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Sorry gold bugs, you should have bought palladium

Catalytic converter palladium demand
AP Photo / Robert F. Bukaty
Here’s where the world’s savviest commodities investors were putting their money last quarter.
By Matt Phillips
Published Last updated This article is more than 2 years old.

Gold is just a shiny rock. Sure, you can make jewelry out of it and some fancy electronic components, but the most recent surge in demand has been driven by investors. That means after being dug out of the ground at great cost, a whole lot of gold is essentially reburied in bank vaults. But palladium! Now that’s a precious metal with a purpose! (It’s one of the precious metals used in automotive catalytic converters.) And palladium prices have been surging on robust global automotive demand. Here’s a look at prices in both New York and London markets.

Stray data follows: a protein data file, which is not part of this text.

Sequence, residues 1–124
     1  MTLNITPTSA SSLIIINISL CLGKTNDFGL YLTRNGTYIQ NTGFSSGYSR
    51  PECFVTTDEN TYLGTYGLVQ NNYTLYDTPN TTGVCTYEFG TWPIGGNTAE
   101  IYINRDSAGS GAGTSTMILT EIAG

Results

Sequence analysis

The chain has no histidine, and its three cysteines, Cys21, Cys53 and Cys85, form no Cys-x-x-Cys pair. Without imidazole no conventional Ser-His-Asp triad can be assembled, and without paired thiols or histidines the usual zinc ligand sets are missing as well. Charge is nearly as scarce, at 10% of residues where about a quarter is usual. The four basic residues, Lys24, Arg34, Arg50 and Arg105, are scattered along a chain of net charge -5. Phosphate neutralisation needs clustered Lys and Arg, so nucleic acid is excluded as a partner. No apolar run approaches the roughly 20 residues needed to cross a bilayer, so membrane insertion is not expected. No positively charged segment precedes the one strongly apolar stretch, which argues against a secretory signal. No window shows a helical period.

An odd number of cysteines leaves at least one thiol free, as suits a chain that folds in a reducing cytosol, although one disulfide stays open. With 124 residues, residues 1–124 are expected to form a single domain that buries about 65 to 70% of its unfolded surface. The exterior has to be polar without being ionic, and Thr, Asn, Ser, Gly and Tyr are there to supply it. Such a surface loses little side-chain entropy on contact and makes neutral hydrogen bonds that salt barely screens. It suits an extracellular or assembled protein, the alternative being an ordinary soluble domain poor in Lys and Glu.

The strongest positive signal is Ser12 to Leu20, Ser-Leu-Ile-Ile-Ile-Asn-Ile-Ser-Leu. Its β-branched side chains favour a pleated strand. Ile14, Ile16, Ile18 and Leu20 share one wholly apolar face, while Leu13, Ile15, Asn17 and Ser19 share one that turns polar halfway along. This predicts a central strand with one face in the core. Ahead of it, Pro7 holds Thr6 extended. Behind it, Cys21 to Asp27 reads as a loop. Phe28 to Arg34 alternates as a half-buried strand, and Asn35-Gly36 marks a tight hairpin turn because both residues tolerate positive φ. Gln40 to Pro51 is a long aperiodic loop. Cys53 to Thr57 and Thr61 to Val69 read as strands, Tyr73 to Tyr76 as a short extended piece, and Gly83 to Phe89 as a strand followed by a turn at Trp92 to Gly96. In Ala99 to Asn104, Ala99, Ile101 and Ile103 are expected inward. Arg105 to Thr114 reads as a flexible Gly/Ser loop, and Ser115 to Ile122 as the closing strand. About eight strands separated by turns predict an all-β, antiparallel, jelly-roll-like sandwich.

Palladium prices were up 10% over the last quarter, compared with declines for a range of other metals including gold and silver, Bloomberg reports:

Global car sales exceeded 80 million for the first time ever in 2012 and will advance 2.4% to 82.7 million this year, says LMC Automotive Ltd., a research company in Oxford, England. Americans will buy more for a fourth year, matching the longest run of gains since the 1940s. An average autocatalyst contains about 4 grams (0.13 troy ounce) of palladium, platinum or rhodium, according to London-based Johnson Matthey Plc, which has made one in three of them.

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